Again it would be extremely helpful if you'd answer these questions: tell us how your paradigm shift will aid scientific progress and accelerate scientific discovery beyond the current regime: how will the "new synthesis" bring about understanding and investigation which isn't currently being investigated? As (assumedly) a research student, how will your thesis add to scientific understanding? What hypotheses are to be tested?

 

At the moment, it doesn't really seem like you've identified an actual impediment to current research, and the argument you're posing is largely semantic and directed towards an unrepresentative position. This is the reason I don't see the need for a "new synthesis" I believe the existing so called "paradigm" of evolutionary theory is constantly updating in step with current research, and the semantics over what it's called are unrepresentative of a "paradigm shift".

Edited by Arete
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It is utter nonsense to deny there are no plans for an extended or new synthesis.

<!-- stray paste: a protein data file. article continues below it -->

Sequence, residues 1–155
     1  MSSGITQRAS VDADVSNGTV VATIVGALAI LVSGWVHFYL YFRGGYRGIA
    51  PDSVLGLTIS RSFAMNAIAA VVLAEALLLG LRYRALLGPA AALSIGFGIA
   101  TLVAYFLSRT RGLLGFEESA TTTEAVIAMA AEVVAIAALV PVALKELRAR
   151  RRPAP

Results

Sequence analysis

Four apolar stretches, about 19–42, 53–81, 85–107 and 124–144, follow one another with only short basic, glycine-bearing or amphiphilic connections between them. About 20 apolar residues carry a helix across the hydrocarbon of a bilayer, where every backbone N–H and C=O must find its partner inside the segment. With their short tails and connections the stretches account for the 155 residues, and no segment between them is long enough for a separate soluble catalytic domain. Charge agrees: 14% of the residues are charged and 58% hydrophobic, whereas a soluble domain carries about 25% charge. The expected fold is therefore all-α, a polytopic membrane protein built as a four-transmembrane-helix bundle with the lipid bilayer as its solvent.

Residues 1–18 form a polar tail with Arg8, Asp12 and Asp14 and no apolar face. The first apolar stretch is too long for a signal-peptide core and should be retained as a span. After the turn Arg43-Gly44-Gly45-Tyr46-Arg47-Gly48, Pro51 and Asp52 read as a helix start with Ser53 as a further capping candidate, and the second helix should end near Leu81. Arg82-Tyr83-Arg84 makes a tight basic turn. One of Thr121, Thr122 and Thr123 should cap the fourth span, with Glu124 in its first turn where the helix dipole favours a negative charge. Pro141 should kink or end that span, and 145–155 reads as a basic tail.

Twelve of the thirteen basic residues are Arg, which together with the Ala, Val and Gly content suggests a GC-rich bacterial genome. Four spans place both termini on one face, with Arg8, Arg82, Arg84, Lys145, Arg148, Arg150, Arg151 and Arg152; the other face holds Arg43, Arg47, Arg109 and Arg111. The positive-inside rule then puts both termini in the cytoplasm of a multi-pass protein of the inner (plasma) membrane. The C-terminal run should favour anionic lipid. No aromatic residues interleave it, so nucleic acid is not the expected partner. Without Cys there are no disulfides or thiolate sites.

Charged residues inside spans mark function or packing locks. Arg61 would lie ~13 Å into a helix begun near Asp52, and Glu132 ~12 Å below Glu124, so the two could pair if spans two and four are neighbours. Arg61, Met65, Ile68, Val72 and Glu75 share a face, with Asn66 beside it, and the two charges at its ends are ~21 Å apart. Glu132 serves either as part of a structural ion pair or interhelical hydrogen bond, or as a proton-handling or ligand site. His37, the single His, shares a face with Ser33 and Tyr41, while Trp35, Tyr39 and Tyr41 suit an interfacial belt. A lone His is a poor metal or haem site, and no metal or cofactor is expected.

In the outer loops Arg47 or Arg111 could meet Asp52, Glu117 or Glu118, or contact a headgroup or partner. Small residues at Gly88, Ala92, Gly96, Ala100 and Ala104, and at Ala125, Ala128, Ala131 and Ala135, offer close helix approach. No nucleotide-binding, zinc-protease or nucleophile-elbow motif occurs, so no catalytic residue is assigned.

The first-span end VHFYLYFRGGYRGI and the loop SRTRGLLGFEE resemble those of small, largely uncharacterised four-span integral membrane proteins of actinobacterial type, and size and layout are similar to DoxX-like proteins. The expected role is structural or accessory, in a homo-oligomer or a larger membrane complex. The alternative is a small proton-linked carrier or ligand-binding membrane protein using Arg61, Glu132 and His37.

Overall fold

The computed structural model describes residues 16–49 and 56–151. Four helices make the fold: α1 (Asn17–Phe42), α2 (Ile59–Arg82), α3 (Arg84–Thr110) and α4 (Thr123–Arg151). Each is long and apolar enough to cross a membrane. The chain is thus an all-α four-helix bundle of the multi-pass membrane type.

No one has been saying that evolutionary ideas aren't being extended. You made the claims that old ideas are holding back new evidence and should be overthrown, with a new paradigm in their place. This claim is completely different from the one you are making now.

 

 

 

Shall we go through these publications one by one :)

 

 

You realize the more publications you cite the more evidence you give that these ideas are not new, are not ignored, or are seriously by many biologists.

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Exactly what Ringer said. Darryl you seem to be just arguing because you like the sound of your own voice and want to be disagreeable. Your original contention was that the scientific community was ignoring certain developments in evolutionary theory. This has been shown to be incorrect. Your own data show it to be incorrect. Please give it a rest.

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tell us how your paradigm shift will aid scientific progress and accelerate

scientific discovery beyond the current regime: how will the "new synthesis"

bring about understanding and investigation which isn't currently being

investigated?

 

Neo-Darwinism is faced with major conceptual barriers to further progress, deriving directly from its metaphysical foundations and denying that certain processes exist. Neo-Darwinism is very limited, but moving beyond neo-darwinism we will progress in our knowledge in evolution.